Brooks Robinson was not just a great fielder, he was a clutch hitter who ended his career only 152 hits shy of 3,000. He won the league MVP Award in 1964 when he led the league in runs batted in and in the top five in three other offensive categories.  For many years, Brooks was teamed with another Robinson – right fielder Frank – leading the Orioles to four World Series appearances, winning two of the Fall Classics.  Frank Robinson, an African-American, joked with journalists, “I don’t see why you reporters keep confusing Brooks [white] and me.  Can’t you see that we wear different numbers?”

Brooks Robinson was revered by the citizens of Baltimore so much that “Brooks” was one of the most popular names for children born in the area in the 1960s and 1970s.

George Brett


Kansas City Royals’ third baseman, George Brett, was a hitting machine, posting a career .337 in 43 post-season games.  In twenty one seasons, he stroked over 3,000 hits with a .305 lifetime average and won three batting titles, each in a different decade (1976, 1980, 1990).  He was the face and leader of the Kansas City Royals for two decades.

His career, though, did not start well, with poor or modest stats his first two seasons.  Royals’ hitting coach, the legendary Charlie Lau, worked with Brett to hit the ball to all fields, breaking him of trying to pull each pitch.  In 1975, Brett led the league in hits and triples.  His 1980 season caught the nation’s attention as he went well into the season with a .400 average, threatening to be the first player since 1941 to hit that mark.

G Brett

“If God had him no balls and two strikes, he’d still get a hit.”
- Steve Palermo

He was at .400 as late as September 19, but nagging injuries (and maybe the pressure) got to him.  Brett still finished at .390, the highest average ever by a third baseman and the highest since Ted Williams in 1941.  He wound up with the league’s MVP Award and a trip to the World Series.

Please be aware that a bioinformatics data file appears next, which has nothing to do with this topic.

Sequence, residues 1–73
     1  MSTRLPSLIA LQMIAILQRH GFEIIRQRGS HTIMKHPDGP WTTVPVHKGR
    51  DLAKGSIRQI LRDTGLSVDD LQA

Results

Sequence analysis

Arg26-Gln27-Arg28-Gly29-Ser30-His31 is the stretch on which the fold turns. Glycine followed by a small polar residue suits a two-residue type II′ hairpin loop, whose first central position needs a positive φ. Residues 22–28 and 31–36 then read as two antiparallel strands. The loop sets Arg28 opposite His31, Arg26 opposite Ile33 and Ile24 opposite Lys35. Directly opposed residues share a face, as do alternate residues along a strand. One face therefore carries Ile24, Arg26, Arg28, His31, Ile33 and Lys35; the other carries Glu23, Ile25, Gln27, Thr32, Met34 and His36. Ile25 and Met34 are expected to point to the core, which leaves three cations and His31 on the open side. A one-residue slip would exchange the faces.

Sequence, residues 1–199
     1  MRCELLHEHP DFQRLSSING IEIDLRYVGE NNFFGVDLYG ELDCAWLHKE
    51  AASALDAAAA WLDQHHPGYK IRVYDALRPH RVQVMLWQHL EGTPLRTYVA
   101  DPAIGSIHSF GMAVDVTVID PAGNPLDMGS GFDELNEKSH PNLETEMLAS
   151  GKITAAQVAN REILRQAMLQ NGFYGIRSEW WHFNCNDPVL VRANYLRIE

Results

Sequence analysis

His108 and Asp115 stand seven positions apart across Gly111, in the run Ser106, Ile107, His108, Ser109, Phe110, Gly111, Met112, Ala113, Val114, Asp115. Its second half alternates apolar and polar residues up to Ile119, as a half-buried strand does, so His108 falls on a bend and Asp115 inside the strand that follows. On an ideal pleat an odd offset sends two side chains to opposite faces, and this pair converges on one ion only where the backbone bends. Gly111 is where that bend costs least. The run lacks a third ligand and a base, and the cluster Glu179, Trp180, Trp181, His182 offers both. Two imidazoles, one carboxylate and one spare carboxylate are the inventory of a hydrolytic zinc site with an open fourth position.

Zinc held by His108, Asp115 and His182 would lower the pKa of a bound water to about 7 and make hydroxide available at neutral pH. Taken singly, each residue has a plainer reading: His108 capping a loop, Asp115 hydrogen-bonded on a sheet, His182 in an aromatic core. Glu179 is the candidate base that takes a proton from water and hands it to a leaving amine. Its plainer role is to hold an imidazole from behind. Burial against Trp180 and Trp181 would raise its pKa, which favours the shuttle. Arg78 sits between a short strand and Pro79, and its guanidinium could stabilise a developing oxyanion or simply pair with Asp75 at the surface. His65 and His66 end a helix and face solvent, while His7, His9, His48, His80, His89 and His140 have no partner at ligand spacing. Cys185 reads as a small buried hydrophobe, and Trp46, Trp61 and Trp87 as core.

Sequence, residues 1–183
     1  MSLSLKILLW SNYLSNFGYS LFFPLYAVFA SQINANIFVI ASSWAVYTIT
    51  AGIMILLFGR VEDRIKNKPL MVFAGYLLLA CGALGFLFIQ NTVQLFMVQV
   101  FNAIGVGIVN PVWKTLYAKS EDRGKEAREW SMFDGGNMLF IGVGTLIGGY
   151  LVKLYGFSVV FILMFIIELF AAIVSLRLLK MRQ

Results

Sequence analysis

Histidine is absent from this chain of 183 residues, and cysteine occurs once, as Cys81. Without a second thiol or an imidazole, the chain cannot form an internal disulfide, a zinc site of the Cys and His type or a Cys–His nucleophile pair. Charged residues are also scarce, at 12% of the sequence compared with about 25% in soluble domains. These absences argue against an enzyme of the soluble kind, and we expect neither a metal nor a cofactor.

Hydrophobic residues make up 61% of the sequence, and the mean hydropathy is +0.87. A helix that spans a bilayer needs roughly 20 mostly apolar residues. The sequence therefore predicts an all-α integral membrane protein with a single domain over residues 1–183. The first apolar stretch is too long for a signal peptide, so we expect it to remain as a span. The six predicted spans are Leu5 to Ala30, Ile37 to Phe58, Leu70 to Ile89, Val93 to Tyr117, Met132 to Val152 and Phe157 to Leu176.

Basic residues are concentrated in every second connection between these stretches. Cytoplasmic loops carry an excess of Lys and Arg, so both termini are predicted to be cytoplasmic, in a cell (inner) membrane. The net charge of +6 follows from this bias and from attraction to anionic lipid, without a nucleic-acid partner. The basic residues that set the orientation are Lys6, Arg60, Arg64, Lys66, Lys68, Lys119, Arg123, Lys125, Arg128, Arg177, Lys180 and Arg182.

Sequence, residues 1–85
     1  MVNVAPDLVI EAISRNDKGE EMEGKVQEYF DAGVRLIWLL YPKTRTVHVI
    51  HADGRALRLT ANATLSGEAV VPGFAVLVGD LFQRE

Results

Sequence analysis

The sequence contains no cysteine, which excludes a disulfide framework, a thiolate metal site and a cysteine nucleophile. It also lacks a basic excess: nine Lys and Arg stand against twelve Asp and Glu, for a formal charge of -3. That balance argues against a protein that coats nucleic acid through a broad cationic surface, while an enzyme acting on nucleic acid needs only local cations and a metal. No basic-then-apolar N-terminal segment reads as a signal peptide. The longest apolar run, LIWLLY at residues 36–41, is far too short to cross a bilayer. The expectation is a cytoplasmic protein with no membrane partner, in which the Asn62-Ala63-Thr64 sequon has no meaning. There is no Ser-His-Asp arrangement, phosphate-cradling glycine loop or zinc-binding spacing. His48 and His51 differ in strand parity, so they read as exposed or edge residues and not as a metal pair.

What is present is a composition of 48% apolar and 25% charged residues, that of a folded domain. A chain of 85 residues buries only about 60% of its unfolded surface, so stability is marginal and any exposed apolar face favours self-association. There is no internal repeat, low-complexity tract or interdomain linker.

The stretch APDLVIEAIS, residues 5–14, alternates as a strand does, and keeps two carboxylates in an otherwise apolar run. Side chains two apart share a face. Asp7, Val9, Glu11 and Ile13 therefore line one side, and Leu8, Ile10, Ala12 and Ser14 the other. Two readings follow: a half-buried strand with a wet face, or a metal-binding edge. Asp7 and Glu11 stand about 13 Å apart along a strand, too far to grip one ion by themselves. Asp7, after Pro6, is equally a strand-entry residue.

Maybe the most lasting image of George Brett was of him charging from the dugout in the famous (and infamous) “Pine Tar Incident.”  In 1985, Brett had hit a ninth inning, two run homer against the Yankees’ Goose Gossage.  Immediately after Brett got into the dugout, Yankees manager Billy Martin talked to the home plate umpire, who signaled for Brett’s bat from the Royals’ dugout.  After inspecting the bat thoroughly, the umpire signaled that Brett was out – no home run.  Martin had said that the umpire should look at Brett’s bat because of a little known rule – that the pine tar could not exceed a certain height on the bat.  When Brett saw his homer taken away, he came storming at the umpire in a tirade, an image that is still seen on ESPN’s Sports Center.  The Royals protested the game and American League president Lee McPhail reinstated the home run, acknowledging that while the pine tar was, indeed, too high, the games “should be won and lost on the playing field – not through technicalities of the rules.”

George Brett was elected into the Hall of Fame in 1999, the first Royal ever inducted.

Pie Traynor

“He was a mechanically perfect third baseman, a man of intellectual worth on the field of play.”
– Branch Rickey

Harold Joseph Traynor


Of all nine positions on the baseball field, the Baseball Hall of Fame has fewer third basemen than any other position.  Third base had only recently produced great hitters with excellent defensive skills.  Which leads us to Pie Traynor, who Ty Cobb, Rogers Hornsby and Casey Stengel stated was the greatest at the hot corner.

Traynor’s numbers are good (.320 lifetime average) and he rarely struck out.  In over 7,500 at bats, Traynor fanned a mere 278 times, a testament to his great bat control.  The latter statistic is even more impressive because Traynor was known for being a bad-ball hitter, in other words, swinging at pitches out of the strike zone.  What garnered the most accolades from his peers was his defensive play.  “He looked like a real ballplayer, even though he seemed to be all arms and legs and [had] feet like violin cases.  He also had big hands and scooped up every ball hit at him,” stated Edward Barrow.  Traynor played before the Gold Glove awards were introduced. Otherwise, he and the award would have been well acquainted.

In 1925, he led his Pittsburgh Pirates to a World Series title over the Washington Senators.  He also was with the Pirates in 1927 when they were manhandled by the Babe Ruth-led Yankees, a team many consider the greatest in history.  The Buccos lost four straight to the Bronx Bombers.

In 1948, Traynor was elected into the Hall of Fame, the first third baseman ever inducted into baseball’s shrine of greats.